Containing your excitement: Container garden tips

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Updated Apr 26, 2024
Container gardens allow for flexibility of design and versatile plant life. Photo: Scrappy Annie/FlickrContainer gardens allow for flexibility of design and versatile plant life.
Photo: Scrappy Annie/Flickr

While traditional gardens may be popular among your customers, there may be many that prefer the versatility of a container garden.

For those who want to harness the power of containers to create their outdoor oasis, take a look at a few helpful hints you can pass along to them to make sure their container plants are alive and thriving.

Select a pot, plant, and soil

Most plants aren’t necessarily picky about the kind of pots they grow in, as long as they have enough room to flourish and drainage holes to let out excess water.

Pots come in all shapes, sizes, and materials, and they all work equally well, but each pot will require certain upkeep depending on what it’s made of. Some plastic pots may need drainage holes drilled in the bottom, and terra-cotta pots could do with a good soaking in a pail of water for a day or two to hydrate it before filling it with soil.

Choosing what will go in these pots is the next step, as the options are pretty much endless. When planted in a larger pot, even shrubs and trees will thrive.

Most customers may have a preference for herbs, vegetables, and flowers, and they will most likely want their container garden to be on their terrace, patio, porch or deck.

Once the plants are chosen, it’s time to pick the right kind of soil that these little greenies will be in. Be sure to always use quality commercial soil when potting these plants, as soil from your customer’s garden will harden into a solid mass when dry.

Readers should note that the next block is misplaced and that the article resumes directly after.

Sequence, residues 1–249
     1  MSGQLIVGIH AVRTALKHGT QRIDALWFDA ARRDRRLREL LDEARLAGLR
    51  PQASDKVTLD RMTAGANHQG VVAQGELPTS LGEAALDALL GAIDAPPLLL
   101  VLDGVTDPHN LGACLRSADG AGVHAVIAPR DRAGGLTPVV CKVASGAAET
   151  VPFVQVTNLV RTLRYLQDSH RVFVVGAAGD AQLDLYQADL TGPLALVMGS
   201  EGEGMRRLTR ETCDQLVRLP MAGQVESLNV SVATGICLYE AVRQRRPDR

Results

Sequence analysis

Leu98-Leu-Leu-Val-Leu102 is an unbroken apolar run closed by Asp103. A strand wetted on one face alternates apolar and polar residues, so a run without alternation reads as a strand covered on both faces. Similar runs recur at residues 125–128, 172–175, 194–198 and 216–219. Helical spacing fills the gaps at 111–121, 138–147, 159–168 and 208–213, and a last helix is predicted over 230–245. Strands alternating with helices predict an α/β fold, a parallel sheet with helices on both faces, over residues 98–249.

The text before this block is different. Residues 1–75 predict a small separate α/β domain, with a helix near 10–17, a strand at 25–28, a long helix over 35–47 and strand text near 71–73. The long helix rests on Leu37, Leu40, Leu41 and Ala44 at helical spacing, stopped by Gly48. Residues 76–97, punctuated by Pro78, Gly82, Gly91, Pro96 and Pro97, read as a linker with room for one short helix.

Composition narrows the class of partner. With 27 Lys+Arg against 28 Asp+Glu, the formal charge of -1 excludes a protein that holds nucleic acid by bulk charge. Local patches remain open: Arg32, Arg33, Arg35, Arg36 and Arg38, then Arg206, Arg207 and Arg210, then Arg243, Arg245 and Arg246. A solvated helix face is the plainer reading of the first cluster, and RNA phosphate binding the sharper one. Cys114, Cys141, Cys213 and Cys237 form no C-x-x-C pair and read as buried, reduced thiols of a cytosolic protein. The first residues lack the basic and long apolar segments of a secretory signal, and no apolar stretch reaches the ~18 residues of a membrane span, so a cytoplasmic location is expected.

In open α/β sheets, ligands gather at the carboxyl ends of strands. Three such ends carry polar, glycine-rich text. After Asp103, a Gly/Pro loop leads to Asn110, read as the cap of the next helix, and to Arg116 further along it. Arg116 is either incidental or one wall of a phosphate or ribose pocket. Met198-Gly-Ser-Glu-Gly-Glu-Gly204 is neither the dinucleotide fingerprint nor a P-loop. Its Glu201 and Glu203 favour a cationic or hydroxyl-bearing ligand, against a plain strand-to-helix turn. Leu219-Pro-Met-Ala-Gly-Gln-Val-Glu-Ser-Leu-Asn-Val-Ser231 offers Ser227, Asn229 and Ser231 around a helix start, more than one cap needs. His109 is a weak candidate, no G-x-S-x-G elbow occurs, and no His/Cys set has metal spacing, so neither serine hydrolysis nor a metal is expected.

When choosing a quality potting soil, tell your customers to keep an eye out for the following amendments: rotted manure, peat moss, vermiculite, compost and/or perlite.

Lighting, layers, watering and fertilizing

When choosing plants, pay close attention to the type of lighting conditions they will require, as you won’t want to put two different types in one container.

Planting in layers is also a beneficial method for creating eye-catching looks your customers are sure to enjoy. Remember to include the tried and true thriller, filler and spiller method when designing containers, and be sure to choose complementary varieties when choosing colors and leaf forms.

Container plants will require more frequent watering than traditional gardens, so advise customers to water whenever the soil surface is dry to the touch. When the temperatures are particularly hot, customers may need to irrigate their containers every day. This is especially important when it comes to hanging baskets, as they are more affected by the wind and will dry out faster.

Along with watering comes regular fertilization. If your customers want their plants to stay in tip-top condition all season long, this step is an absolute must.

Many types of potting soil have slow-release fertilizer already mixed in, but it’s still a good idea to add just a few extra drops of liquid fertilizer in whenever they water.

Remove, renew and replace

Once your customer’s plants have bloomed out, it will also be necessary to remove any dead or faded blooms, also known as deadheading. This process will help encourage new flowers to emerge.

For larger plants, it’s sometimes possible to simply pull off old blooms with your fingers, but for smaller flowers, it’s typically recommended that lawn clippers or scissors are used.

Even with proper and consistent care, some of your customer’s perennials and annuals may still begin to look tired or drab by the end of summer. Instead of trying to bring them back from the brink, carefully remove them from the pot and replace them with something thriving to give the container a second wind.

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